Lakers Post All-Star Break Run: A Case of Extremes

DALLAS, TX - MARCH 12: Kobe Bryant #24 and Ron Artest #15 of the Los Angeles Lakers react after a 96-91 win against the Dallas Mavericks at American Airlines Center on March 12, 2011 in Dallas, Texas. NOTE TO USER: User expressly acknowledges and agrees that, by downloading and or using this photograph, User is consenting to the terms and conditions of the Getty Images License Agreement. (Photo by Ronald Martinez/Getty Images)

Despite yesterday's loss, the Lakers have flipped that proverbial "switch" and suddenly appear to be in full playoff mode.  They have won 17 of their 19 games since the all-star break and look ready to take on all comers in their quest for a third straight Larry O'Brien trophy.  Even more impressive, this has been accomplished in the midst of one of the most difficult stretches of the season, with 12 of the 17 teams being above .500.  The Lakers having the ability to suddenly turn "it" on should not come as surprise to Lakers fans (just look to last season's playoff run).  However, what is surprising are the areas in which they have or have not improved over this recent stretch.

In C.A.'s piece on Ron Artest last week, he alluded to the many "switches" that various players have flipped, very few of which bore any resemblance to what we normally think of with switch flipping.  Certainly the team's improved play has come as a result of multiple players stepping up their games and playing with increased effort and focus.  The defense has been extremely stingy with an efficiency rating (points per 100 possessions) of only 99.2, an improvement of over two points relative to their season average.  The offense continues to perform at an elite level with an efficiency rating of 108.3, in-line with the 108.6 for the season.  While the results on offense haven't changed much, there has been some changes in how it has remained at an elite level..  So what has led to these changes post all-star break?  The results may not be what one would initially expect.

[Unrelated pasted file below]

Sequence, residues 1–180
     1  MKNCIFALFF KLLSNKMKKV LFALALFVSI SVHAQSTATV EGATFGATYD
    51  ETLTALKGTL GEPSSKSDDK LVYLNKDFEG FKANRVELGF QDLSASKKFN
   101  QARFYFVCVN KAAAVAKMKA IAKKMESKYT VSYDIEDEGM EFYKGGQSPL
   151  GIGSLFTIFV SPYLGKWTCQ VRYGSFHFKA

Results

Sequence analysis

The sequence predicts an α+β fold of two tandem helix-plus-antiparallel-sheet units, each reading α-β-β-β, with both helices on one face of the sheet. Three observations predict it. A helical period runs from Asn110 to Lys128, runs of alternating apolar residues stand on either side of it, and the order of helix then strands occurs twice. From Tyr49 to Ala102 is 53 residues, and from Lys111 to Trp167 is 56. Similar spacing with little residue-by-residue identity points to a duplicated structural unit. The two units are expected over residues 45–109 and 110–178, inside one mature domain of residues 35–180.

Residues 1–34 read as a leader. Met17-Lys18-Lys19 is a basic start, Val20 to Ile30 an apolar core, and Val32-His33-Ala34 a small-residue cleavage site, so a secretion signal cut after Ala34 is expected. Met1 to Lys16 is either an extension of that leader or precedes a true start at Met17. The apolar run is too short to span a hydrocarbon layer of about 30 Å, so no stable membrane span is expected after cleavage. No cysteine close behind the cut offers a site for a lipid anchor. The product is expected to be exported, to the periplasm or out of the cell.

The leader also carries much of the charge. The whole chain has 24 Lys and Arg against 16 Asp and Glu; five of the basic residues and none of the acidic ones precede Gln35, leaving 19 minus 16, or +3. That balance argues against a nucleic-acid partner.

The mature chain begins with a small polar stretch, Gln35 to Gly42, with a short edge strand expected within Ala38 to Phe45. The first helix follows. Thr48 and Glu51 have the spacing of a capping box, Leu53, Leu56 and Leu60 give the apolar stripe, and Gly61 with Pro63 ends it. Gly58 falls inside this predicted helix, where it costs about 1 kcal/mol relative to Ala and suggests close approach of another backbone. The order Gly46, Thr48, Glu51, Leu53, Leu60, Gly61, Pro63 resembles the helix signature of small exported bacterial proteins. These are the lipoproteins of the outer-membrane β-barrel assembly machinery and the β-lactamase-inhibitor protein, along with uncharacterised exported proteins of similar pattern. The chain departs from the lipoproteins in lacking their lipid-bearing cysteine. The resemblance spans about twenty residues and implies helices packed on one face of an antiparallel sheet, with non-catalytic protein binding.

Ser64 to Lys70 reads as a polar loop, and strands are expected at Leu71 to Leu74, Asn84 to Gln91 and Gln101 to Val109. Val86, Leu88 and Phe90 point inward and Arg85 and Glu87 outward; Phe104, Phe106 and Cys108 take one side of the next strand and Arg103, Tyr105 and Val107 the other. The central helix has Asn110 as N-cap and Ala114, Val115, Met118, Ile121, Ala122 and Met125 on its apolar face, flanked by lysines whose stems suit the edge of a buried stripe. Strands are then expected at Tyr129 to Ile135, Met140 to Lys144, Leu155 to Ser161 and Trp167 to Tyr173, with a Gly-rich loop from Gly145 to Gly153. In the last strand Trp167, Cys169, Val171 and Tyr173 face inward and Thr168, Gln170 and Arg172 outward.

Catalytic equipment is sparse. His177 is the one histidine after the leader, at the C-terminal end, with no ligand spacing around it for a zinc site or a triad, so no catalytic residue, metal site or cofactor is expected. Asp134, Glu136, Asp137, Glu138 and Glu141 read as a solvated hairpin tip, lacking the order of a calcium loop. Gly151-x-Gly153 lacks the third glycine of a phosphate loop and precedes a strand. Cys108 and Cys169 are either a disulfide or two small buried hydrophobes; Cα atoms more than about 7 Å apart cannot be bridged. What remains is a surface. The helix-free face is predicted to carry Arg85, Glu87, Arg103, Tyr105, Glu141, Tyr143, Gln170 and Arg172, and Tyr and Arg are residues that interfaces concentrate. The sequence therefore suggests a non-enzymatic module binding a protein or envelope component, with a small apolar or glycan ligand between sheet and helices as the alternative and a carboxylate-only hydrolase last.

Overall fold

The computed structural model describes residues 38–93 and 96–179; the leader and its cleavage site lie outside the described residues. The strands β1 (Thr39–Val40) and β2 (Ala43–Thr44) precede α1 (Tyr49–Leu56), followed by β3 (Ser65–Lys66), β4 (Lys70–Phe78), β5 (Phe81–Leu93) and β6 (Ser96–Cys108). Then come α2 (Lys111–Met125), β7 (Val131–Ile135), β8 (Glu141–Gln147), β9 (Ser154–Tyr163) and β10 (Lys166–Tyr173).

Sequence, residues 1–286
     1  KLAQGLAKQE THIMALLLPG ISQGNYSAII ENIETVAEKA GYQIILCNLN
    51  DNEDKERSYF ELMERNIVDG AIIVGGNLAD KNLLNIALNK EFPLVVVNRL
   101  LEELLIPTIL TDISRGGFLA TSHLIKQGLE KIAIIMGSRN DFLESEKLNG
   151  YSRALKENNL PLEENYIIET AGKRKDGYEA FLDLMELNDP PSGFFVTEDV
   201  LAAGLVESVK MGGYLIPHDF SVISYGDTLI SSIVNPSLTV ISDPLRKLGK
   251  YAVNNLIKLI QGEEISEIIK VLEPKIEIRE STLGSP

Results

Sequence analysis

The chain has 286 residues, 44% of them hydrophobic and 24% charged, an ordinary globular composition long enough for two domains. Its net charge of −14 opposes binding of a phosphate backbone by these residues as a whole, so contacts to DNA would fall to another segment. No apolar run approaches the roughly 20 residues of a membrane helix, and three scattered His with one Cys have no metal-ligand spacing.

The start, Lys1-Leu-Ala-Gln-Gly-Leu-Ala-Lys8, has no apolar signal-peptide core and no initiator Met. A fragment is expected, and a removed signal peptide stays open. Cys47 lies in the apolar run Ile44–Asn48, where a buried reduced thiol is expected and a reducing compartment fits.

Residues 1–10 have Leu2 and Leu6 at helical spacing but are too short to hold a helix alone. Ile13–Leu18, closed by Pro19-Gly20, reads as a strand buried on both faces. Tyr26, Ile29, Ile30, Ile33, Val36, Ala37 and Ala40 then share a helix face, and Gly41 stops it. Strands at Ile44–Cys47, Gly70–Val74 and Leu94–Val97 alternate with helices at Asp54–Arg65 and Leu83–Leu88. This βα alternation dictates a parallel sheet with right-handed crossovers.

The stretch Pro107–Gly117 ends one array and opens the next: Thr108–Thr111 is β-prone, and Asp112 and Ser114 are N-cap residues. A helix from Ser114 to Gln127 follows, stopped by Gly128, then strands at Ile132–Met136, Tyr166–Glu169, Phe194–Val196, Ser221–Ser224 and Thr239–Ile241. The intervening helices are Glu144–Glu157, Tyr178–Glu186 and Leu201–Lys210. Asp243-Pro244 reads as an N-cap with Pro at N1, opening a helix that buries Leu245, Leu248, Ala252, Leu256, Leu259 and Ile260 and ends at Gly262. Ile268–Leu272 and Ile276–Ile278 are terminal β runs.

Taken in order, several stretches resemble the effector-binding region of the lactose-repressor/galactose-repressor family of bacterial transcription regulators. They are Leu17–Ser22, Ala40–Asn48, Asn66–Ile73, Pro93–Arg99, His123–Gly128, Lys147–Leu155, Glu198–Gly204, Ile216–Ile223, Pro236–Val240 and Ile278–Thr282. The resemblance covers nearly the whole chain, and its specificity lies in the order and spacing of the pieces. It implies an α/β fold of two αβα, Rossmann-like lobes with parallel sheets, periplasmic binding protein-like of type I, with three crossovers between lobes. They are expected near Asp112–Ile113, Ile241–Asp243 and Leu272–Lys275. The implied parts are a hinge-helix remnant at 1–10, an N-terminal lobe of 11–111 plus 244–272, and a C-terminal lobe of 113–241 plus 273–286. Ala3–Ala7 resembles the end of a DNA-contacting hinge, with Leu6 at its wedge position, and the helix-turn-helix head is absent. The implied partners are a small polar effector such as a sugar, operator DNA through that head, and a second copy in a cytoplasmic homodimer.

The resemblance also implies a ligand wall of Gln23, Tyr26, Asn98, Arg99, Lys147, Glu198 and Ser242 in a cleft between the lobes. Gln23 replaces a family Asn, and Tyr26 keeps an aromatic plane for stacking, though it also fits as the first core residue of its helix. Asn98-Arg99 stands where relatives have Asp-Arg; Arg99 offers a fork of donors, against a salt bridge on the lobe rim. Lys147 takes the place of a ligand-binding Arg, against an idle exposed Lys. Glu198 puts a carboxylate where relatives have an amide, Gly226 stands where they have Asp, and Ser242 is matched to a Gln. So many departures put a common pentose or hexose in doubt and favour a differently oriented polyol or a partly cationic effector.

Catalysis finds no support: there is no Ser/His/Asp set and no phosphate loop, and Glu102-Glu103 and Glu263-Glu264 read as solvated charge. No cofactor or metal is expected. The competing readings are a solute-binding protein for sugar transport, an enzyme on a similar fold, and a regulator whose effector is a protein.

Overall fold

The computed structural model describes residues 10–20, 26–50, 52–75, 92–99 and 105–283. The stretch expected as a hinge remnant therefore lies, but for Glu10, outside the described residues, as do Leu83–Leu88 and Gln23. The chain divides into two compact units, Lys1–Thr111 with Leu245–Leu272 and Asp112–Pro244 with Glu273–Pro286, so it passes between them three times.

Before we can examine what has changed, we should establish a baseline for how it is the Lakers play.  In what areas have they been successful all season, and where could they improve their game?  Below is a table showing various statistics for offense and defense along with where the Lakers rank in the league for each of these categories.

 

Offense

Defense

Category

Statistic

Rank

Statistic

Rank

Efficiency

108.6

4

101.5

7

Rebound Rate

29.8

3

72.2

23

Turnover Rate

12.3

2

12.9

19

Effective FG%

50.4%

10

48.0%

5

Free Throw Rate

0.288

20

0.233

1

True Shooting %

54.8%

11

51.6%

4

 

Offensively the Lakers are an elite team, ranking 4th in the league.  They are a slightly above average shooting team (ranked 10th in eFG% and 11th in TS%) but are quite poor at getting to the foul line (ranked 20th in free throw rate).  What they lack in efficient shooting and getting to the line, they make up in volume of attempts.  The Lakers are the third best team in the league at gaining extra possessions by rebounding their own misses.  They are also 2nd in the league in fewest turnovers.  All these extra attempts are the Lakers biggest offensive strength.

Defensively the Lakers are a solid team, ranking 7th in the league.  The Lakers defense is built around not giving up easy points.  The Lakers have so much size that they can contest shots without fouling.  The result is the 5th best team in field goal defense and the best in the league at not fouling.  It is very difficult to convert possessions into points against the Lakers defense.  However, just like the Lakers offense is strengthened by the volume of attempts, so is the opposition's.  The Lakers, despite their size, are a poor defensive rebounding team (ranking 23rd).  They also force few turnovers, ranking 19th.